Spotlight: Q&A with Parc Provence's Art Therapists Spotlight: Q&A with Parc Provence's Art Therapists

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Spotlight: Q&A with Parc Provence’s Art Therapists

Spotlight: Q&A with Parc Provence’s Art Therapists

Art as Therapy

Ashley Ramm with a resident

Recently, we talked with Laura Schmid, ATR-BC, LPC, and Ashley Ramm, MA, PLPC, about their careers as art therapists. Laura and Ashley lead therapy programs at Parc Provence, using the process of making art to enhance quality of life, offer opportunities for socialization, and access memory. We’re grateful for their expertise and compassion, and thought you might enjoy getting to know them.

What is your professional background?

Laura: I’m a Board-Certified Registered Art Therapist (ATR-BC) and Licensed Professional Counselor (LPC) with a Masters of Art degree in art therapy counseling from Southern Illinois University Edwardsville. I’ve worked with adults and adolescents in an inpatient psychiatric setting, as well as with children and adolescents who have behavioral and emotional difficulties. After I completed my master’s degree in 2007, I joined Parc Provence as its first full-time art therapist and was responsible for developing its art therapy program. For more than a decade now, I’ve used art therapy to help treat older adults in memory care. I have recently became Board Certified and a post graduate licensure supervisor to continue growing as a professional.

Ashley: I’m currently a Provisionally Licensed Professional Counselor (PLPC) and will attain art therapy licensure during the fall of 2019. To become licensed and credentialed as an art therapist, one must complete 100 hours of post-master’s degree supervision and 1,000 hours of experience in the art therapy field. I have a Masters of Art degree in Art Therapy Counseling from Southern Illinois University Edwardsville, where I graduated in 2017. I’ve worked with older adults since 2012 in a variety of settings, including community centers, nursing homes, adult day centers, and churches. My professional experiences also include facilitating therapy with specific adult populations with developmental disabilities and traumatic brain injuries. I also have extensive experience working with children and adolescents in schools and community-based settings, with a focus on autism spectrum disorder and behavioral disorders.

Why did you choose to work with older adults in the field of memory care?

Laura: When I was in graduate school, I participated in a semester-long internship at Parc Provence and immediately fell in love with the organization and the residents. The older adults are so loving and have so much experience and wisdom to share. I believe that working with people who are nearing the end of their lives is a gift. I love being able to offer joy, comfort, and learning to our residents and their families during a time that can be lonely or frightening. There’s something very special about being a witness to a person’s life history and helping find meaning and purpose in the life that has been lived.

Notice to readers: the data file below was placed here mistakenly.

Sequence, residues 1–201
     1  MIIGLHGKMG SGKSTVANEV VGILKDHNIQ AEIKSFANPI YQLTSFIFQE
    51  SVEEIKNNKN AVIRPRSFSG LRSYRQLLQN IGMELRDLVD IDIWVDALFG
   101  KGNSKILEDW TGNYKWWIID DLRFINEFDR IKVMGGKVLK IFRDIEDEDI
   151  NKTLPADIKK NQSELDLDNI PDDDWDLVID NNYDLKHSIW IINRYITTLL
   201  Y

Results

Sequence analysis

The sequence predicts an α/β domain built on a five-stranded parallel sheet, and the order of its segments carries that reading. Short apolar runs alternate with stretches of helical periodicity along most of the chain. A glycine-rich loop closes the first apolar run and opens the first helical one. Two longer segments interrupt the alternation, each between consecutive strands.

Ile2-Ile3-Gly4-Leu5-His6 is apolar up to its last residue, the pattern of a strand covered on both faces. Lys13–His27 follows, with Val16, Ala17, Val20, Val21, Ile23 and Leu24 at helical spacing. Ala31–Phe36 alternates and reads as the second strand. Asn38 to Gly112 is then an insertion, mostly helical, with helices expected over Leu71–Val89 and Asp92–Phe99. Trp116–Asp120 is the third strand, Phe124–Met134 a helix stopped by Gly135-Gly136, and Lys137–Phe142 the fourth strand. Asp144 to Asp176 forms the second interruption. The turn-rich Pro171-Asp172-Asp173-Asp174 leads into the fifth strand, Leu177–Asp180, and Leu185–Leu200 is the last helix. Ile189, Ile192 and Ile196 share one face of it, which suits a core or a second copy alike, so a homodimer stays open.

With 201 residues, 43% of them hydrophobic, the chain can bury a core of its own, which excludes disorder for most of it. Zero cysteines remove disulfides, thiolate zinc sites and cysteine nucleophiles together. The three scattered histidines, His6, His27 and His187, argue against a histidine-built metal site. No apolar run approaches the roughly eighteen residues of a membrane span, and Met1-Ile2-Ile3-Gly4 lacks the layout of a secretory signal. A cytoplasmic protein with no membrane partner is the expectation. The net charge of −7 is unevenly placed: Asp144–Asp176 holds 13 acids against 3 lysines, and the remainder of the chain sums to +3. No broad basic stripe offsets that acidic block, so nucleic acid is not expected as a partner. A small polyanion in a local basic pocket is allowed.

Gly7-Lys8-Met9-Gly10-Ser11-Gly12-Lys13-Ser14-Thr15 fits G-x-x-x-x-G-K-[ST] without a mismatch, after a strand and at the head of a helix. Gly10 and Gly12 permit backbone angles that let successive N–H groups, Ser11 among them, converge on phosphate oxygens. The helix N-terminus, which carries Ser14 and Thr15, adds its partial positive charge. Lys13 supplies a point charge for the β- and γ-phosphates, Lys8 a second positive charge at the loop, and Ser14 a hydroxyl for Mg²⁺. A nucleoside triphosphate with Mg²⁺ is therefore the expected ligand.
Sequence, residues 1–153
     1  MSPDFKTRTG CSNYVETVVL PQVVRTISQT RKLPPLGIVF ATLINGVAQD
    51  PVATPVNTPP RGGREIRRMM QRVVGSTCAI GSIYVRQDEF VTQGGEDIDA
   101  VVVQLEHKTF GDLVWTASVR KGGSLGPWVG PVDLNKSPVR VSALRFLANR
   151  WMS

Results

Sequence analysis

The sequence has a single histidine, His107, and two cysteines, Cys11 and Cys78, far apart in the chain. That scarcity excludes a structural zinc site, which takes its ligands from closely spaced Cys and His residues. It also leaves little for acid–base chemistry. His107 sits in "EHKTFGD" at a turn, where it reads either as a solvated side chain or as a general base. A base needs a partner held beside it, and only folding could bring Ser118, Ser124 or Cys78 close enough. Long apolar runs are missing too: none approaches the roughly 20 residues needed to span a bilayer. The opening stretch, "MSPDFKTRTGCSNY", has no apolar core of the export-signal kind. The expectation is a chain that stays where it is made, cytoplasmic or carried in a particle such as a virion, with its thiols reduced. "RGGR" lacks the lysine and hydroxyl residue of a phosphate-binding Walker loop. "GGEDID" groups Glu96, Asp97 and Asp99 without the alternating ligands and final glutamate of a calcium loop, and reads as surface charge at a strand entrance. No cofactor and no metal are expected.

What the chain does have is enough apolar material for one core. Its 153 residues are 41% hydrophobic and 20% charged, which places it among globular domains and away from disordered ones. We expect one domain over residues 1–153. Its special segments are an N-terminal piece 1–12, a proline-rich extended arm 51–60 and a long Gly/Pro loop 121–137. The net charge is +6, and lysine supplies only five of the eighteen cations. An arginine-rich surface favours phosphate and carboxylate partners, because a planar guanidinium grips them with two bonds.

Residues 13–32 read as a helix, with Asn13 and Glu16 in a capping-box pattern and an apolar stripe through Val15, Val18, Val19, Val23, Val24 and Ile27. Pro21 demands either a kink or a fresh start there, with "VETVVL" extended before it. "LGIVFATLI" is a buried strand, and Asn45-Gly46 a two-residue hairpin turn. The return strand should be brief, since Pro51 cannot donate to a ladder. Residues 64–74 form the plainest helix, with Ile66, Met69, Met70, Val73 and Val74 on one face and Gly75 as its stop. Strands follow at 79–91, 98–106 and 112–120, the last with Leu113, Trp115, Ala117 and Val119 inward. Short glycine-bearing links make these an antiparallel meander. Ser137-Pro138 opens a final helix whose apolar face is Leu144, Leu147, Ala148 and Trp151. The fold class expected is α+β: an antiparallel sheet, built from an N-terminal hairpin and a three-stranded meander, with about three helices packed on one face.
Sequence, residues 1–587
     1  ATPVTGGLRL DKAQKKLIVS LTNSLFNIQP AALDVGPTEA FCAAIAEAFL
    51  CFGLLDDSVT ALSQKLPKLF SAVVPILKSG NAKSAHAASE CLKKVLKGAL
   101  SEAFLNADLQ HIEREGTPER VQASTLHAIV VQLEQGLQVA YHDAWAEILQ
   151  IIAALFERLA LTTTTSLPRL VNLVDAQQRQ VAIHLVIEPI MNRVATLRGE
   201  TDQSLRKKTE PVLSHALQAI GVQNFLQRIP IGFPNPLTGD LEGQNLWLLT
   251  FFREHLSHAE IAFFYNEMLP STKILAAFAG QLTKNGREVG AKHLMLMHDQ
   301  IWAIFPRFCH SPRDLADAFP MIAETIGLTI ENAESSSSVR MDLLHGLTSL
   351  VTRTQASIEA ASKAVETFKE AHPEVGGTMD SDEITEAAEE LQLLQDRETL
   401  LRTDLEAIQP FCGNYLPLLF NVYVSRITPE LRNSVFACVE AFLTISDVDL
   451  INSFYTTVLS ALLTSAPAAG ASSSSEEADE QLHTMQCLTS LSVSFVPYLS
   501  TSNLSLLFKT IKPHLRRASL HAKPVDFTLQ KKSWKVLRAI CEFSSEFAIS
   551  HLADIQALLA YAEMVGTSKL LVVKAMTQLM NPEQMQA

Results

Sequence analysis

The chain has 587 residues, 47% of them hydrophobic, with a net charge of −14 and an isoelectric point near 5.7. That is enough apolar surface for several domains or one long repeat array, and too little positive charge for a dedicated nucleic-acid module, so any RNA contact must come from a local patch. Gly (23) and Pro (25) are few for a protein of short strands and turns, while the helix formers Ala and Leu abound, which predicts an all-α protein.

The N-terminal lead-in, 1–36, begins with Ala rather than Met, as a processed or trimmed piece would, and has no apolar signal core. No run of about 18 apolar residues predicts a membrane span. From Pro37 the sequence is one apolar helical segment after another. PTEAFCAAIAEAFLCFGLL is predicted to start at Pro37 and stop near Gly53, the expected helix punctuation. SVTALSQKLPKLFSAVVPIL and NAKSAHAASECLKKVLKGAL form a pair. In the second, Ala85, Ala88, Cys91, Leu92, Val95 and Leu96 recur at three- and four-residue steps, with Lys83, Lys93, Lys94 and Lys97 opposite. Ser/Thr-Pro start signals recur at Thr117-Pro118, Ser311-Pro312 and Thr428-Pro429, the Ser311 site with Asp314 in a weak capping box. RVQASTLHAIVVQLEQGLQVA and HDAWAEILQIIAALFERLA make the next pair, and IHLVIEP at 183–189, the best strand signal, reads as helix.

Ashley: I was first drawn to the older adult population while pursuing my undergraduate degree at the Milwaukee Institute of Art & Design. At that time, I worked as a volunteer in a group home for adults and seniors and was moved by the impact art had on their ability to process and cope with difficult emotions. Art-making brought self-awareness, a sense of hope and an ability to persevere through life’s obstacles. I was also honored to witness individuals using art as a vehicle for telling their life’s stories and then sharing those stories with the community through a public art gallery. I have been drawn to those same types of experiences with memory care. I value the opportunities I have to serve as a witness as seniors embark on new chapters, continually learning and re-defining themselves through art-making and storytelling. What I enjoy most about memory care is how art-making stimulates playful experiences that promote a strong therapeutic relationship between the resident and the therapist. That relationship helps support residents as they each transition into the sacred last stage of the end of life.

How would you describe art therapy to those who may be unfamiliar with it?

Laura: Art therapy is a therapeutic practice that doesn’t rely only on verbal processing and communication. Art therapists strive to create a safe, inviting environment so that participants feel comfortable sharing and exploring thoughts and feelings. It is adaptable and can be tailored for anyone, at any age, with any level of ability. It integrates the creative process with models of counseling and psychotherapy. During a session, the process of making art is therapeutically applied and individualized so that each participant can work toward an established goal. The focus of art therapy is the process itself, which is purposeful and meaningful. The outcome is not necessarily the main focus of a session. Just as in traditional counseling, we offer both individual and group experiences designed to improve and restore a person’s functioning and sense of well-being.

Ashley: Art therapy is a mental health profession that helps clients improve or maintain cognitive health and emotional well-being. It does so by using art-making as a method for communication. In many ways, an art therapist is like a traditional talk therapist or counselor, except the therapist uses art-making as a therapeutic intervention to assist the client in achieving certain goals. An art therapist provides a safe, confidential space in which the participant can untangle issues and complex feelings and make a new understanding of them. The art object made during a therapy session helps facilitate discussions that encourage further self-awareness and bring the client closer to achieving personal goals.